Meet 10 alumni who turned their specialties into journalism careers. Some are now reporting full time; others part time. All are helping to set the public agenda in their fields. 

Seema Yasmin, M.D.

FGJ 2014, Disease Detective and Health Reporter

Within a few months of finishing the Fellowship, Seema was one of the top health reporters in the United States — appearing regularly on CNN to report on Ebola, covering health as a staff reporter for The Dallas Morning News, and teaching as a professor of public health at the University of Texas at Dallas. Seema came to the program from the Centers for Disease Control and Prevention, where she’d been an Epidemic Intelligence Officer, investigating outbreaks in Arizona. She’d earned her medical degree at the University of Cambridge and had worked as a physician in her native UK. Her goal: To expand her public health work with well-informed reporting on health issues in media. During the Fellowship, Seema wrote a series of major features for the Dallas Morning News, Scientific American and The Toronto Star. The Dallas Morning News quickly hired her to cover health, and regularly put her on-air with the local NBC affiliate too. When Ebola hit her city, Seema gained national attention for her rock-solid reporting in the paper, and sober-minded daily appearances  on CNN, where she is now a regular contributor.

“Never thought I’d live in Texas. Never thought I’d get to write a piece about public health and immigrant children (for an audience of a few hundred thousand as opposed to the handful of people who read specialist public health journals). Never thought I’d be on TV within days of arriving in Texas! And it wouldn’t have happened without the fellowship in global journalism and your relationship with the Dallas Morning News. They’re the nicest, smartest people and I am loving it here so much. Thank you for helping to make this happen! Seriously.

Rachel Browne

FGJ 2014, Covering Rights and Religion

Rachel now covers national news for Maclean’s Magazine, Canada’s national newsweekly, where she has helped cover rights, law and the aftermath of the terrorist attacks on Ottawa. She came to us after researching human trafficking and religion for her graduate degree at the London School of Economics. During her Fellowship, Rachel broke a major story about child trafficking in Canada’s Arctic for The National Post, and covered a wide range of international human rights stories from around the world for, the Reuters affiliate.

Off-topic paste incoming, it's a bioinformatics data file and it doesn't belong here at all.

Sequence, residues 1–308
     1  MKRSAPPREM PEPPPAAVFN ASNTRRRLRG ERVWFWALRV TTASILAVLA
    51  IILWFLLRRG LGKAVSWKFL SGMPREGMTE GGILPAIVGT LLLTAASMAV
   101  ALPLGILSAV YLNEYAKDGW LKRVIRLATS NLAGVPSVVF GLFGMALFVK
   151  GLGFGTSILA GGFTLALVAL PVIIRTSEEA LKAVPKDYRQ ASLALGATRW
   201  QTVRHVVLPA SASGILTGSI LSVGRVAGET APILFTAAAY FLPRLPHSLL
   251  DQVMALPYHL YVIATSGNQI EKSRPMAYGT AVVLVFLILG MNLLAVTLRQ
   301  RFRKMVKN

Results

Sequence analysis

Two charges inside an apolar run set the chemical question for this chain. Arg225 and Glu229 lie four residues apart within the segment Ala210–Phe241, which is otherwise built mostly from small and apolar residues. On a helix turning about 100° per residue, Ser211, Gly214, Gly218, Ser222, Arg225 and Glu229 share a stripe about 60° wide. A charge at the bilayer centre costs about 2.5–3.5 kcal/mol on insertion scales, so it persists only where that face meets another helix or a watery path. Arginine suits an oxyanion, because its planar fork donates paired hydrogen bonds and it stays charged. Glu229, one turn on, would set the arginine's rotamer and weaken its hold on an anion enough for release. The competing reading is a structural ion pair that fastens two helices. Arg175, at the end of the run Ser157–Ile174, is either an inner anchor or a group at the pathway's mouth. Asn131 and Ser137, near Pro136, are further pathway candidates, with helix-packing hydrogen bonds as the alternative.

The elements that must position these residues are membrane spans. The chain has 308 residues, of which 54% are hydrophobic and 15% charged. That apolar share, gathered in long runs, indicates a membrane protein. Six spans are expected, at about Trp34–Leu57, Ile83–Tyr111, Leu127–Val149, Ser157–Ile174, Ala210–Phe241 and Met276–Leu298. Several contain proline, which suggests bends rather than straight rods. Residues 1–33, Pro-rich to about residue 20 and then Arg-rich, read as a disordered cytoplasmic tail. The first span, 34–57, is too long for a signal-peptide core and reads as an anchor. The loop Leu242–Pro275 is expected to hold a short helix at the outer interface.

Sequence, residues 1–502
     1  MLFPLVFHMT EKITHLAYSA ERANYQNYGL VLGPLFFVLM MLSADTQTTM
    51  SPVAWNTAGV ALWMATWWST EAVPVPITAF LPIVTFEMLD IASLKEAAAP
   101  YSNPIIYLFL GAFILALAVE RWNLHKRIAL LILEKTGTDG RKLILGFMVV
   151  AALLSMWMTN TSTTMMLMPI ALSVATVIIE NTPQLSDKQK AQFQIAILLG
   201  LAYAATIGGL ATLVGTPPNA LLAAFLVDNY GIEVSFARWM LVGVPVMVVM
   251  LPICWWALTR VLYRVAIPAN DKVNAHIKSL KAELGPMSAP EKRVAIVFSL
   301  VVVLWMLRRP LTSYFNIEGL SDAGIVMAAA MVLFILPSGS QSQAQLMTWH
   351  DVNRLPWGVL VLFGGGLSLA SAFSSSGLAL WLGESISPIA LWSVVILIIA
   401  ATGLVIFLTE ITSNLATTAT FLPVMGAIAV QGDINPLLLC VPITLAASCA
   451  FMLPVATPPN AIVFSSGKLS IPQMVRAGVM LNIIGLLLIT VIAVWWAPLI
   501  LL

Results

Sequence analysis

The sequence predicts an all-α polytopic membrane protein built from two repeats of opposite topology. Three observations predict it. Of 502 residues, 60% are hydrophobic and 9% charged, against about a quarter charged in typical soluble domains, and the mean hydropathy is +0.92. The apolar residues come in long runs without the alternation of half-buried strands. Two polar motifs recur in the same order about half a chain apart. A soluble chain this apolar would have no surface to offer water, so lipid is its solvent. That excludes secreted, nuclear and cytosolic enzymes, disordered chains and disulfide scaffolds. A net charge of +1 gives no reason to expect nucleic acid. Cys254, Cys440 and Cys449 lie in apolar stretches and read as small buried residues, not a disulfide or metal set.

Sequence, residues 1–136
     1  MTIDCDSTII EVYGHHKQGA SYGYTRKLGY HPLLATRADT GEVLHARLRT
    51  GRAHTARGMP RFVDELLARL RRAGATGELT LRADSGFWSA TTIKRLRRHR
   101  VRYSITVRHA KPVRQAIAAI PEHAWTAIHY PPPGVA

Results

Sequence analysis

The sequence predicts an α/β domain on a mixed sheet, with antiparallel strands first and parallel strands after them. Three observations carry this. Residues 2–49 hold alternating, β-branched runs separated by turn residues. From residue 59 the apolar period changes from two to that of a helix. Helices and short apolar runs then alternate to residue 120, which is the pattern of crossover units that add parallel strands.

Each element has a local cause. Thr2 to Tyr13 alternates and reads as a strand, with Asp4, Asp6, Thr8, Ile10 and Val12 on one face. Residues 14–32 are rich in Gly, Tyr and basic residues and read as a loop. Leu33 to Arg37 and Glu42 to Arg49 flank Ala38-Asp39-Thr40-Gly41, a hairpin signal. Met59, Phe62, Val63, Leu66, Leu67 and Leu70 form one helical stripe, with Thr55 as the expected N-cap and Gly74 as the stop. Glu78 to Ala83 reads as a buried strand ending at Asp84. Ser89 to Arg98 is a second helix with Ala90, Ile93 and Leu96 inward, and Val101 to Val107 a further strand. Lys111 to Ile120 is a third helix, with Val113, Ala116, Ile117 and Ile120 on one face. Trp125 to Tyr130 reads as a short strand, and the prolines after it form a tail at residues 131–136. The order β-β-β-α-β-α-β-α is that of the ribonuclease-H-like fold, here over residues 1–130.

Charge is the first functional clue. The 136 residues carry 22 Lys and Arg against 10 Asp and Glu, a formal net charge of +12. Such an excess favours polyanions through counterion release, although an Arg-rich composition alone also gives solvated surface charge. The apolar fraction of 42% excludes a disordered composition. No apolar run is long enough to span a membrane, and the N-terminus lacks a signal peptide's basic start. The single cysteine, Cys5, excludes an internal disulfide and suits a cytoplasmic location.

“Right from the first day of the Fellowship, I knew it would be challenging. Learning an entirely new skill set and way of thinking was daunting. But the patient guidance from the mentors and support from the other fellows made it a deeply rewarding journey. It was a privilege to be surrounded by such an inspiring and dedicated group. I had the chance to cultivate journalism skills, learning from some of the best people in the industry, and put them into practice by breaking news in my field. Since the fellowship, I have been able to successfully freelance for a number of news outlets and am now writing full-time for a national Canadian magazine. The world of journalism may be in flux, but this program has made me confident I can tackle it.

Chethan Sathya, M.D.

FGJ 2014, Surgeon-Journalist

Chethan is a surgical resident and a scholar in clinical epidemiology at the University of Toronto. He considered journalism to be an important part of his medical training, because he wanted patients to be better informed about their own health and about the way health care works. During the Fellowship, Chethan covered advances in medicine for The Toronto Star, CBC and CNN — alternating regularly between reporting and the operating room. He’s now completing his surgical training, and doing epidemiological research, while reporting as a freelancer on the side.

“I was never a writer, and never imagined becoming one. My life revolved around two things. Surgery and research. But I can honestly tell you that having the opportunity to partake in this fellowship opened my eyes to a whole new world of communication. It was easily one of the best career moves I have made. In medicine, we often struggle to communicate effectively with our patients. And when it comes to research, knowledge translation to the lay public is far from easy. The program allowed me to learn how to communicate effectively through media outlets and to incorporate these skills into my career. Because of it, I now have the ability to impact patients worldwide, and not just the ones in my clinic.